Today’s feeding consultation was with a gastroenterologist and speech therapist whose expertise is in feeding. For those who don’t know, Charlie has overcome a significant oral aversion. However, she feeds poorly and continues to be (partially hydrolyzed whey protein) formula dependent.

1517637_10101695765129959_3631522303372407994_n_editedAt the beginning of the appointment, we discussed Charlie’s feeding history and GI issues. Charlie was physically examined and her previous test results (swallow study and other imaging) discussed. Later, they watched Charlie eat (as much as she would) foods of different textures and consistencies.  At the end, we discussed what may be the issues and a plan.

From the GI perspective, Charlie has slow motility due to her CP. Her stomach empties slowly and things continue to move slower than usual through her intestines.  She also has a milk protein allergy which is common among preemies.

From the speech/feeding perspective, Charlie does a poor job of chewing. Despite the appearance of a chewing motion, she mostly uses her tongue and sucks food to mush rather than chew it. In addition, she has sensory related issues such as stuffing, a preference for strong flavors, and a gag reflex that is more sensitive than average.

All of these things, hamper her feeding progress.

The gastroenterologist has suggested Charlie stop using infant formula. It is no longer appropriate. Instead, she will start a “big kid” partially hydrolyzed whey protein formula with fiber.  It is 30 cal/oz as opposed to the infant 20 cal/oz. The fiber will help with her motility issue. Possibly, the lower fluid intake will make her feel less full and stimulate appetite.

The speech/feeding suggestion is to go back to using soft foods, easily chewed foods, or finely cut up foods (almost pureed). The hope is she will not have to work as hard at chewing and will ingest more than just a couple of bites. Over time, with work and practice, her jaw muscle strength and coordination will improve. The feeding specialist will send some suggested foods and exercises.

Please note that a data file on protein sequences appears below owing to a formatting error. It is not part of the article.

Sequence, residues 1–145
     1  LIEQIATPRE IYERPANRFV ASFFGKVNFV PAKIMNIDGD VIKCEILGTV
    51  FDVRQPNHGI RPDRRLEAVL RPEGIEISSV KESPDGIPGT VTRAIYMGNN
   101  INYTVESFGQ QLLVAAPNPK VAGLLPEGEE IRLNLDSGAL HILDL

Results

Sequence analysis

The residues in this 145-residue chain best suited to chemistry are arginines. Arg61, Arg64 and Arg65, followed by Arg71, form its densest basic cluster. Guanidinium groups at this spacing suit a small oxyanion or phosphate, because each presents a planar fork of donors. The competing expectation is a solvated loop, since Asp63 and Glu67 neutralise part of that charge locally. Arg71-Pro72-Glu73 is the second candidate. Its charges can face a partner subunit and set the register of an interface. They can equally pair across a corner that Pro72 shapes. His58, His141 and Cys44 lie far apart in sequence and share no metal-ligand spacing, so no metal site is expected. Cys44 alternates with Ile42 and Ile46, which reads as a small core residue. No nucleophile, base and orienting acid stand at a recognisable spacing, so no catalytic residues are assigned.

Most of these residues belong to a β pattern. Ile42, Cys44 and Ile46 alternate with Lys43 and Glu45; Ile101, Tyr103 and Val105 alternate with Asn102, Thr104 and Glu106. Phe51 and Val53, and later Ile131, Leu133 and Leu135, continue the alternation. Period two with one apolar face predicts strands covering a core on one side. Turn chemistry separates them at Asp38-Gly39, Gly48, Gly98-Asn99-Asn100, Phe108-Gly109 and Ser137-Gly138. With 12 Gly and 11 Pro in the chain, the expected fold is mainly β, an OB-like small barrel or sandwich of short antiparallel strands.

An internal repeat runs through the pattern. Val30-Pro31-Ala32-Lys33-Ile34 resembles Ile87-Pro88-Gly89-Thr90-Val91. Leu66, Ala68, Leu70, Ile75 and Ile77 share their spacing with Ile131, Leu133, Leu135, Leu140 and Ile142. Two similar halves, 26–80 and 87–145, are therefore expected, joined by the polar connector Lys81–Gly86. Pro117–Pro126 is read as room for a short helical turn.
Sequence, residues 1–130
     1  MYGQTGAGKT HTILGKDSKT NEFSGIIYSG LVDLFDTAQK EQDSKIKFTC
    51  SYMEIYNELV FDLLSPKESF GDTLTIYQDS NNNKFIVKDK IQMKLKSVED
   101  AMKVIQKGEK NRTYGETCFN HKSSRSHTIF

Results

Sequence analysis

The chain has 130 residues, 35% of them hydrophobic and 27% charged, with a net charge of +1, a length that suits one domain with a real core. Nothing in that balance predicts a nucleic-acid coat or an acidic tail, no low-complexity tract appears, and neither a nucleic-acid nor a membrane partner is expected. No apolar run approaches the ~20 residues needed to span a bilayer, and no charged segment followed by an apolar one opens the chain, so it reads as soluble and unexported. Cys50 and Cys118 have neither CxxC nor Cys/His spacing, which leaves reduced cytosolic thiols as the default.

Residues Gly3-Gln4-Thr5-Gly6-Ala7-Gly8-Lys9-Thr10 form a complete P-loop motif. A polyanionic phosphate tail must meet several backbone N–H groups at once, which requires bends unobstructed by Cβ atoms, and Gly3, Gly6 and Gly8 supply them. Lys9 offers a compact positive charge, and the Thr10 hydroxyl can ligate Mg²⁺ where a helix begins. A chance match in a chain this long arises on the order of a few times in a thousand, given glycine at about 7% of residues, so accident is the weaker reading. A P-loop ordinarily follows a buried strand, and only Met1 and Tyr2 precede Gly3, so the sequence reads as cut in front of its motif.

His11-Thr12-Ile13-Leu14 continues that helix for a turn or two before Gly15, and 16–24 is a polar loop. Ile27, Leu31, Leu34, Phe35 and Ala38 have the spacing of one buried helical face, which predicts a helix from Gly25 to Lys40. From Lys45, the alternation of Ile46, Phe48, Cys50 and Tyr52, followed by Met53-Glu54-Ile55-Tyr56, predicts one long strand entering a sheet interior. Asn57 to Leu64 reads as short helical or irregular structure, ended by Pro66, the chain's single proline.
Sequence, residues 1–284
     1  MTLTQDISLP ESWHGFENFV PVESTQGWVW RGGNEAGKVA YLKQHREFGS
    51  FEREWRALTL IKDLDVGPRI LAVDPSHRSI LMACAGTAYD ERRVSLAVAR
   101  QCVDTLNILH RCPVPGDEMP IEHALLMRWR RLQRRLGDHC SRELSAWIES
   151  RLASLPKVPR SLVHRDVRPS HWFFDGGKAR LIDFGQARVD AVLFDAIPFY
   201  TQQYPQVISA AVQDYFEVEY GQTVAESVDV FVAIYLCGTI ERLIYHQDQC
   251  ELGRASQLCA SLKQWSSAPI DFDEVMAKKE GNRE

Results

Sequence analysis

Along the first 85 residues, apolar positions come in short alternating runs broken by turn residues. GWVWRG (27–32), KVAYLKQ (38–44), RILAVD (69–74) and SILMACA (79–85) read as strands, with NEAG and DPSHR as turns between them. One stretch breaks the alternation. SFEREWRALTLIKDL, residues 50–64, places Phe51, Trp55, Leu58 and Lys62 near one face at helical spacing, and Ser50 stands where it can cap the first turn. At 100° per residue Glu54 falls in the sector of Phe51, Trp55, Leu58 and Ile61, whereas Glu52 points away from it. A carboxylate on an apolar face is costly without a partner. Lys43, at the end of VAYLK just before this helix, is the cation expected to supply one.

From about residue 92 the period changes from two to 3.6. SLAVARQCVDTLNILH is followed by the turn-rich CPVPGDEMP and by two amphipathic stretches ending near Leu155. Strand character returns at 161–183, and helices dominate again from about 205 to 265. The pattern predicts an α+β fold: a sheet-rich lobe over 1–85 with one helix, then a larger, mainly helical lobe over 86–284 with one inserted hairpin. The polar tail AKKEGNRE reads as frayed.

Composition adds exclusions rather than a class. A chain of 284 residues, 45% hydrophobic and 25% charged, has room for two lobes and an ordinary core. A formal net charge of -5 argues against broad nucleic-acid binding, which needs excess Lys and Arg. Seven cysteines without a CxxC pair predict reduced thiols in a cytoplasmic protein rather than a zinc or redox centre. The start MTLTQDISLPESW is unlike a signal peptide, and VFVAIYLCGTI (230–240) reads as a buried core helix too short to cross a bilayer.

Overall, I was very pleased with how today’s consultation went. I felt like the professionals understood where we were with Charlie’s feeding and are supportive. I didn’t feel pressured to try things (like stopping the use of formula) that Charlie isn’t ready for. Plus, I feel like the treatment plan is realistic and doable. The frustration I’ve felt most recently over feeding has been abated.

Today’s appointment was a step forward after being stuck for some time now. I feel optimistic that Charlie will be a good eater sooner rather than later.

 


Spring Fever

The weather has been nice this week. I believe Charlie and I have a bad case of spring fever. She asks to go outside and I happily oblige.

During the two hottest days, she played in the Shenandoah River. She cried each time she had to come home.

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Today, she explored the state arboretum for the first time out of the stroller.

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The week has shown me what a huge difference a year makes. This time last year, she was unable to sit without support and we wondered if she would be able to walk. She may not “catch up” by two, but she has come such a long way. Go Charlie, go!